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Loss doesn't dull Red Wings' confidence @NHLdotcom

PITTSBURGH (AP) - The Detroit Red Wings are talking and acting like a team with a hammerlock 3-0 grip of a lead in the Stanley Cup finals against Pittsburgh, rather than the more precarious 2-1 advantage they own going into Game 4.

Coach Mike Babcock, goalie Chris Osgood and several other players who made their way to Mellon Arena on what otherwise was an off day for hockey Thursday were uncommonly loose, relaxed and confident.

So loose, they hardly looked like a team that, barely 12 hours before, twice fell behind by two goals while allowing Sidney Crosby to score twice in Pittsburgh's 3-2 victory in Game 3. The must-win game for Pittsburgh made certain the Red Wings can't clinch in Game 4 on Saturday night.

The Red Wings preferred to talk about what went right rather than what went wrong, even if there were mistakes aplenty following two near-perfect games in Detroit. Babcock seemed to wish that Game 4 was being played in a few hours, saying, "It should be a lot of fun."

"I mean, we still have a great feeling in our dressing room, and Mike is going to be the first to tell you that," forward Kris Draper said. "We knew this was going to be a series, and that's what it's turned into."

A series the Red Wings can firmly control again if they win Game 4, which would give them a chance to raise the Cup in Game 5 at Joe Louis Arena on Monday. A loss means they forfeit that considerable momentum and guarantee themselves a return trip to Pittsburgh, where the Penguins haven't lost in 17 games since Feb. 24.

For the Red Wings, the preferred scenario is obvious.

"No sense beating yourself up over it," Babcock said of Game 3, in which the Red Wings pressured furiously during a 16-shot third period to tie it but couldn't. "We didn't win the game. It's a new day. It's sunny. Let's go."

Considering the give-no-ground, never-show-a-grin mentality many coaches have carried into the finals, Babcock's upbeat attitude following a difficult loss was an undeniable change of pace.

The only ones smiling more than the Red Wings were the Penguins, who acknowledged that going down 3-0 in the series would have created a near-impossible comeback scenario.

Now, their goal is to make sure this wasn't a one-game reprieve. The Penguins more than made a game of it in Game 3; now they've find out if they can make a series of it.

"That team, when they get confidence, they could accomplish a lot of things," coach Michel Therrien said of his Penguins. "And this is what we've proved so far. ... We deserved to win, and they're going to feel good about themselves."

No doubt the Penguins would feel better if their once-dangerous power play was clicking; they are 1-for-11 with the man advantage, while Detroit is almost as bad at 2-for-19.

Still, the Penguins believe all the momentum will shift their way if they win Game 4. They are decidedly younger than the Red Wings, and they believe a longer series favors them, even though they still must win at least once in Detroit to win the Stanley Cup.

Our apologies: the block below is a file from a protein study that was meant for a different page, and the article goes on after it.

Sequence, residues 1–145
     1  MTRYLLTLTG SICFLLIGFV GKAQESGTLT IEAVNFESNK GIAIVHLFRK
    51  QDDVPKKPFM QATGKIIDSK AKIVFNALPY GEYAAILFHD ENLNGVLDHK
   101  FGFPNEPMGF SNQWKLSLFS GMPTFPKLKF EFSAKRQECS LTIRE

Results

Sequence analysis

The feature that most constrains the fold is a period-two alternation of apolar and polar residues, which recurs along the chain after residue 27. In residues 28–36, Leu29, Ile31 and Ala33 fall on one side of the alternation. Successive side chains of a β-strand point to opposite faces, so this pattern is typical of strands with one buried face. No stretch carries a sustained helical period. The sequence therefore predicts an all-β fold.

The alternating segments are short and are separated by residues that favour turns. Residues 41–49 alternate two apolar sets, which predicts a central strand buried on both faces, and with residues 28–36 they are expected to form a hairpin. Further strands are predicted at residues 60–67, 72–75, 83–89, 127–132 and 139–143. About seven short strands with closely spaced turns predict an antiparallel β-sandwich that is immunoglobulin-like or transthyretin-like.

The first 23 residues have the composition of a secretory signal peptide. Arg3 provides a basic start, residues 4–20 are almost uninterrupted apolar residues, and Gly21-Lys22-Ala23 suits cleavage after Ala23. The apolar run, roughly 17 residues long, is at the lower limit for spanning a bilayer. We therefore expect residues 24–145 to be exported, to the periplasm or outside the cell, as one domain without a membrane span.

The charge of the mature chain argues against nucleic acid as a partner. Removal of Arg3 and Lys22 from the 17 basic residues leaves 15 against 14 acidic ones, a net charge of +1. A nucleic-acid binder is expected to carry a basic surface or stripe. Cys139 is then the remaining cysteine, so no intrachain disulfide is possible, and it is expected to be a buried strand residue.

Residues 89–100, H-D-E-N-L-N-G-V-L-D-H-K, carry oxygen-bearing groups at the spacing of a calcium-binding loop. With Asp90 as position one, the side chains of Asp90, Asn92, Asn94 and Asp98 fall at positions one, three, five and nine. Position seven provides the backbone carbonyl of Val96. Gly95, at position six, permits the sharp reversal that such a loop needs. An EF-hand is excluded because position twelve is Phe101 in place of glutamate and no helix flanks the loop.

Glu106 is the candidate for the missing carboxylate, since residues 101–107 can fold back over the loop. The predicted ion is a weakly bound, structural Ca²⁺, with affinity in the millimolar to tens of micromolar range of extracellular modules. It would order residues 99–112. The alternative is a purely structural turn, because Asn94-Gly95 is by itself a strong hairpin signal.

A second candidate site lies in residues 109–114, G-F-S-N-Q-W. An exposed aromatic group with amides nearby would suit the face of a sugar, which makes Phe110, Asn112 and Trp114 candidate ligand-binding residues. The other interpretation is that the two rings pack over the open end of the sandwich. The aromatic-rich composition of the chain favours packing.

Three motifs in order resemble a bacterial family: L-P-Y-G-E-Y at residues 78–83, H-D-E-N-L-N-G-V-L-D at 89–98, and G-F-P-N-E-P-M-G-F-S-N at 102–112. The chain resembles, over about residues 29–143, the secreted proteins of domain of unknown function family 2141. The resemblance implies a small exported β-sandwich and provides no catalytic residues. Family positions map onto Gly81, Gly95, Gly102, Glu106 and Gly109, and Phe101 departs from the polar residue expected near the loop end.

"They do have a lot of older guys," defenseman Brooks Orpik said. "So I think the more you can pound on them, it definitely takes a toll during the end of the series."

The Red Wings have had trouble putting away some series, even if none of their playoff rounds this spring has lasted longer than six games. They were tied by Nashville at 2-2 after winning the first two games and Dallas won two in a row from them after being down 3-0.

Babcock acknowledged that, by this stage of the playoffs, "It's a grind. It goes forever. Just never seems to end."

To the Penguins, the longer they delay that end, the better.

One worry for Pittsburgh is forward Johan Franzen's re-emergence. He scored his playoffs-leading 13th goal while taking six shots Wednesday, one game after returning from a six-game layoff with recurring headaches.

With Pittsburgh's Evgeni Malkin (one goal in seven games), Marian Hossa (one goal in five games) and Petr Sykora (one goal in 12 games) all slumping, Franzen could be a difference maker if he keeps playing the way he did in Game 3.

The Red Wings had several stretches Wednesday in which they dominated but had trouble scoring, getting nine of the game's first 10 shots and 16 of the final 21.

"I thought it was the best sign in the game for us, the Mule was back," Babcock said, referring to Franzen's nickname. "He was dominant for us. He's just a good, good player. We're excited to see that."

Babcock was less excited to see Crosby be so dominant, during a big game that was a decided pick-me-up for Pittsburgh.

"When I watch Crosby, he looks to me like a guy with a lot of will," Babcock said. "If your best player has a ton of will, I think you have a chance to get everybody to improve."

The major worry for Pittsburgh is that, through three games, only Crosby and Adam Hall have scored.

"Like I told our team, we always respond really well to challenges, all season long. ... It's a big challenge (in Game 3) and I thought they responded really well," Therrien said. "It won't be any different Saturday. It's going to be another huge challenge game for us."

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